A creative career is an exciting path with a lot of challenges: choosing your medium, mastering your skills, finding new projects, and actually getting paid. Networking can help you with all of this and so much more, but a lot of creative people struggle with it. Some — because of their introverted nature, others — for various reasons. And guess what? Been there, done that.

No matter what, a strong professional network can actually have a significant impact on how your career unfolds. So don’t underestimate its potential and don’t quit this article thinking it’s not for you. Keep on reading to explore our tips and see how you could approach networking for your creative career. As an introvert or not. What if it works? What if you like it?

What is networking?

Simply put, it’s the intentional process of building relationships with professionals in the field that you work in, and other related industries. The main goal is to create a community of like-minded people who can be mutually beneficial to each other. Usually, it’s about building long-term relationships rather than a one-time exchange of information or services.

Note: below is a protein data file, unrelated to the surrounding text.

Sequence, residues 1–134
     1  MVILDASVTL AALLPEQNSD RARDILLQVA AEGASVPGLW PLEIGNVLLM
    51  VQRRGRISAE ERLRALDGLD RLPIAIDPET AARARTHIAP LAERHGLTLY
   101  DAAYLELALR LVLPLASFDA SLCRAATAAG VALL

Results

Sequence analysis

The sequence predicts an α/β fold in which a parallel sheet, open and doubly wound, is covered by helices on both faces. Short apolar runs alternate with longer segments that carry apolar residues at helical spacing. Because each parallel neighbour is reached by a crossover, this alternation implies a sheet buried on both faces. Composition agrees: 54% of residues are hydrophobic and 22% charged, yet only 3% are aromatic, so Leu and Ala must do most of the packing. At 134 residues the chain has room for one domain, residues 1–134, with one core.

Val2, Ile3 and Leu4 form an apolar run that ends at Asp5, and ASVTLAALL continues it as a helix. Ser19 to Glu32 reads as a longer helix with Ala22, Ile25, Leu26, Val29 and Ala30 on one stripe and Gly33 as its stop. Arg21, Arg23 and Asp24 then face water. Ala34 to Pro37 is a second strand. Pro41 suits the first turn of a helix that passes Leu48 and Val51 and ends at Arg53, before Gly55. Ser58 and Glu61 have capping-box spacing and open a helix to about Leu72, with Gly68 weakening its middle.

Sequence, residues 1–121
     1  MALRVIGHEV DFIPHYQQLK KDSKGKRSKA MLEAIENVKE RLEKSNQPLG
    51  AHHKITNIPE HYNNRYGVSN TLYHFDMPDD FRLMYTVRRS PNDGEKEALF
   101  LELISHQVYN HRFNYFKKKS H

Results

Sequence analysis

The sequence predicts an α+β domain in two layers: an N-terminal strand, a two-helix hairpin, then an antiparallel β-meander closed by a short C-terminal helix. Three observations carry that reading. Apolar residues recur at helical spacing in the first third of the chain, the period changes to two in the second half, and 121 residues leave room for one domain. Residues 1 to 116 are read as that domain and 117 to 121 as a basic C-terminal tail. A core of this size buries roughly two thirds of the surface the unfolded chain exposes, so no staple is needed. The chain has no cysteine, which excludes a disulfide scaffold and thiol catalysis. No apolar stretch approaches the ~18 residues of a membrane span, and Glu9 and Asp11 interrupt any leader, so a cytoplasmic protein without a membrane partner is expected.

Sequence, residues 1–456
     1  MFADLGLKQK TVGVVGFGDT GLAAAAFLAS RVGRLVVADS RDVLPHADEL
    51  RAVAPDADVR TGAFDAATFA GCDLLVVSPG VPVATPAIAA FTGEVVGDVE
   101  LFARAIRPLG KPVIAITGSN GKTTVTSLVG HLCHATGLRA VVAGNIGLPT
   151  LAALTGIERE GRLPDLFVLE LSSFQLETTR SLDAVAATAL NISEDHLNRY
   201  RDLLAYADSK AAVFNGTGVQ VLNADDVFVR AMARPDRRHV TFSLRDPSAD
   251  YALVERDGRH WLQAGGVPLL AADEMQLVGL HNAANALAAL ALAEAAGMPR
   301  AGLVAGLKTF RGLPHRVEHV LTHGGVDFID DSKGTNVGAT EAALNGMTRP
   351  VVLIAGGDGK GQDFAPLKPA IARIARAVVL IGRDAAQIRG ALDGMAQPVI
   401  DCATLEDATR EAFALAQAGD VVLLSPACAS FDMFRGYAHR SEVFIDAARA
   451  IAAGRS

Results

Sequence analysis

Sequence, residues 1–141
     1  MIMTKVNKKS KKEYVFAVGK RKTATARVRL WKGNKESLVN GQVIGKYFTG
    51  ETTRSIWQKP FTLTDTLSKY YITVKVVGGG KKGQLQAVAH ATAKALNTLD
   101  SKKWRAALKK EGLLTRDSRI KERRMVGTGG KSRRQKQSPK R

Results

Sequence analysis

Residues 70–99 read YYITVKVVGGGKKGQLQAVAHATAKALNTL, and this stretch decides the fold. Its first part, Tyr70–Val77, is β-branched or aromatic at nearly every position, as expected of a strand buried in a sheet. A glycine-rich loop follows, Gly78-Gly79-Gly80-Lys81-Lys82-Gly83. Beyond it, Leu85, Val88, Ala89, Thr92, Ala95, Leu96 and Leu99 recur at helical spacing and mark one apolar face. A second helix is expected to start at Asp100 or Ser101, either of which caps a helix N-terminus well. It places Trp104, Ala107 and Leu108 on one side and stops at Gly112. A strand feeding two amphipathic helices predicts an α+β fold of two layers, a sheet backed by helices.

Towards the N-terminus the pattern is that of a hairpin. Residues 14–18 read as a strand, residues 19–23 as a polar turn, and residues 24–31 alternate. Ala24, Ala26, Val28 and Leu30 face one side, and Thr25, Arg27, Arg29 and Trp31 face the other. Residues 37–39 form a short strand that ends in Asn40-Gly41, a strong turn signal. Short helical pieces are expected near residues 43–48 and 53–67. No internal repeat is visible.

Group of people at presentation
What are the benefits of networking?

Discovering new job openings

Some of the most interesting career-related opportunities never make it to official websites or other public sources. They are shared within tight-knit professional communities, and this is why it’s so valuable to be a part of them. According to one of many surveys on this topic, 85% of jobs are found through networking. That’s impressive. And kind of scary if you’re not networking at all, right?

Being hired for new projects

It’s not about nepotism or getting something because you have connections. The point is having the right skillset, but also being in the right place, at the right time. What is more disappointing than knowing that you could do a great job, but not even getting a chance to try?

Exchanging creative ideas

Creative multi-hyphenate and successful entrepreneur Seth Godin once said that “good ideas come from bad ideas, but only if there are enough of them”. And even though you’re obviously responsible for coming up with new ideas, it’s always better to have someone to discuss them with. Someone who knows what you’re talking about and is able to provide relevant feedback. Networking can lead you to people like that.